June 21 Monday: Presentation / Workshops

1. Read: Handout on Teaching Spelling

2: Read: Articles on Writing Centers:

"The Idea of a Writing Center" by Stephen M. North
College English, Vol. 46, No. 5 (Sep., 1984) pp. 433-446.

"'Our Little Secret': A History of Writing Centers, Pre- to Post-Open Admissions" by Elizabeth H. Boquet College Composition and Communication, Vol. 50, No. 3 (Feb. 1999).

"The Writers' Room: The Story of a Writing Center" by Ellen D. Kolba and Sheila C. Crowell. The English Journal, Vol. 85, No. 6 (Oct. 1996) pp. 50-53.

3. Respond on Ning: Spelling & Writing Centers

June 23 Wednesday: Presentation / Workshops

1. Read:

English Langauge Learners
Magno’s "Self-Regulation and Approaches to Learning in English Composition Writing;" Faltis & Coulter’s “Chapter 4: Learning English in an English Class” from Teaching English Learners and Immigrant Students in Secondary Schools; Sai Mahmoud Mahfouz’s "A Study of Jordanian University Students' Perceptions of Using Email Exchanges with Native English Keypals for Improving Their Writing Competency"

Packet with Walt Whitman, Allen Ginsberg, Antler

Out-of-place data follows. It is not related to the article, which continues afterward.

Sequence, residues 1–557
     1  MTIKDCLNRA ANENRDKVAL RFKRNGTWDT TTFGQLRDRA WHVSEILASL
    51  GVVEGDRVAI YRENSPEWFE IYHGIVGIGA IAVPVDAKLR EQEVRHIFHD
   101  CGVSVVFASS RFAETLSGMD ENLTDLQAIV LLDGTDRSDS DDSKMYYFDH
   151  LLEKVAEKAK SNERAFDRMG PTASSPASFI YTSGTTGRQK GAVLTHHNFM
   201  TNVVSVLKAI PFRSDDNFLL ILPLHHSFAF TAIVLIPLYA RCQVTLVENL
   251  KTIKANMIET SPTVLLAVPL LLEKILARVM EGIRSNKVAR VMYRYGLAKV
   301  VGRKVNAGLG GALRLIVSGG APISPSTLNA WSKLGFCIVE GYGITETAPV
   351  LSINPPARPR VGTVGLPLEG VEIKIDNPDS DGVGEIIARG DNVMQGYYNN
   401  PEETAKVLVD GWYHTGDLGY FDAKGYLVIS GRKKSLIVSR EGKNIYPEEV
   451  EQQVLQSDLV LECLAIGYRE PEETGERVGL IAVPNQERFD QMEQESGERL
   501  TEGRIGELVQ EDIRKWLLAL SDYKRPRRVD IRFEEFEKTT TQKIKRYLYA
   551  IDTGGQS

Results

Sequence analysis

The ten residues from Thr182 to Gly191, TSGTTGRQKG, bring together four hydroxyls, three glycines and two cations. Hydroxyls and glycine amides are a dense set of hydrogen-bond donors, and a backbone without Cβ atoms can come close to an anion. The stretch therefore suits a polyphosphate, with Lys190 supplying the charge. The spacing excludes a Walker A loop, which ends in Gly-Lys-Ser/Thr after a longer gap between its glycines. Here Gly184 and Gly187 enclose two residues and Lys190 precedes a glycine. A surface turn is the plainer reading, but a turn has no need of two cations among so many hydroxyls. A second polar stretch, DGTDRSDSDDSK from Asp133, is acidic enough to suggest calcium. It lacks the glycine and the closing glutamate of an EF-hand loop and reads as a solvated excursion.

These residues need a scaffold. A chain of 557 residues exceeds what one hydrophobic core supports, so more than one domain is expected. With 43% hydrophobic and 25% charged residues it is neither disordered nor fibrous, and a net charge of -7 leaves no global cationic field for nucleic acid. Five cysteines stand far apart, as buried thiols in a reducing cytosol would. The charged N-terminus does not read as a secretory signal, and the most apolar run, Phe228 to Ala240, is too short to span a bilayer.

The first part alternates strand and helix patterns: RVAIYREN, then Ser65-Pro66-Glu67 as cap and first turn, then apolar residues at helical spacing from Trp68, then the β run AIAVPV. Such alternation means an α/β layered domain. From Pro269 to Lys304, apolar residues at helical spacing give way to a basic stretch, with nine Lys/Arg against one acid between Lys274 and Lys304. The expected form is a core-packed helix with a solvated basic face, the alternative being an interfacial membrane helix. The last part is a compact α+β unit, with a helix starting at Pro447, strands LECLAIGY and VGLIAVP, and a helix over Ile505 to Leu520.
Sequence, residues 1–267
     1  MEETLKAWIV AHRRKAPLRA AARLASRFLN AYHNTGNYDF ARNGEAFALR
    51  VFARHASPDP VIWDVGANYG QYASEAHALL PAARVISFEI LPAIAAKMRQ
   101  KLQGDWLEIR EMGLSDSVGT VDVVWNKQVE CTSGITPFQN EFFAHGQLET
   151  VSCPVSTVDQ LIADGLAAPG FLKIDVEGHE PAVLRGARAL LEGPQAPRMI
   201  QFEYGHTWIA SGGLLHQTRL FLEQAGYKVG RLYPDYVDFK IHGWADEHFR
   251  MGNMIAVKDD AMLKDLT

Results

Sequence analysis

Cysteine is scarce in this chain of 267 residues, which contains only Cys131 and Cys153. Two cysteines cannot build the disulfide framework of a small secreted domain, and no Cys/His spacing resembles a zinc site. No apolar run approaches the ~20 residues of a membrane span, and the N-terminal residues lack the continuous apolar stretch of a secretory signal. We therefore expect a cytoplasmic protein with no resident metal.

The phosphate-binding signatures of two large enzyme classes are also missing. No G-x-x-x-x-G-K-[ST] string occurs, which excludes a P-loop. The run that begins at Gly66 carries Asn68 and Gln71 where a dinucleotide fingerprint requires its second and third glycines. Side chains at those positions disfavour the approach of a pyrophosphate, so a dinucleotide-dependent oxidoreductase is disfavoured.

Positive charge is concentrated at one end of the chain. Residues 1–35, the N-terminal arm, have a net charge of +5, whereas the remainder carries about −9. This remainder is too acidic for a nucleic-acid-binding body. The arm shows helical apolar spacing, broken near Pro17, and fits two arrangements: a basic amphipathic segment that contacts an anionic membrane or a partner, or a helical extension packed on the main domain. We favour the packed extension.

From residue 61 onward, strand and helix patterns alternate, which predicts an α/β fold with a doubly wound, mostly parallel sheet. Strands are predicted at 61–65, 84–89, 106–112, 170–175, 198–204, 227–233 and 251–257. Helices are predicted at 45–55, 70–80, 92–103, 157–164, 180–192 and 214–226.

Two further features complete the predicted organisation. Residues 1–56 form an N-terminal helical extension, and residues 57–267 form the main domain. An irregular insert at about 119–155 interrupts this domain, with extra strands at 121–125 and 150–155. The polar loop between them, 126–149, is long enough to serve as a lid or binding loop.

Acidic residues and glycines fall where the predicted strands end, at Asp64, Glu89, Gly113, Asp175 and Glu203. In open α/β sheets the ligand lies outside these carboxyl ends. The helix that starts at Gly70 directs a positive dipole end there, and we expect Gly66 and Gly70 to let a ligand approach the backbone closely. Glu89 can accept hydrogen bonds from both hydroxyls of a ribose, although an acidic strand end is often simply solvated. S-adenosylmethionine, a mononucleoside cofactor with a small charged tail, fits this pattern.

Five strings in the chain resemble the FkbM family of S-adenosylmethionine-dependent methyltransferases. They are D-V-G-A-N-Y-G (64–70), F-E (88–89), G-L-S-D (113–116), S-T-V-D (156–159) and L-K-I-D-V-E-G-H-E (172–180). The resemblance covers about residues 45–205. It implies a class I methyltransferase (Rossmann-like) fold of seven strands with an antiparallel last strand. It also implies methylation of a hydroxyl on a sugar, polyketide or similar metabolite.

2. Respond on Ning: English Language Learners, Poetry

June 28 Monday: Final Project and Class Evaluation

1. Read about Teaching Grammar

2. Respond on Ning: Grammar and Teaching English

Reading suggested by Joe Law and Cody Piechoki:

National Capital Resource Center: Teaching Grammar
Teaching English as a Second Language: Grammar-based Perspective
Denny Sargent: Implicit Grammar Teaching Activities
Perry and Piper: Ideas for Teaching Grammar and Mechanics

3. Due: Writing For Change Unit Plan


Examine Other On-line Secondary English Methods Courses

A few additional resources -- there are so many!:

Digital Writing, Digital Teaching, Troy Hicks

Secondary Worlds, Robert Rozema

The National Writing Project

The Third Coast Writing Project

Teach Secondary Writing

Upcoming Events

Nov 18-23 NCTE National Conference, Orlando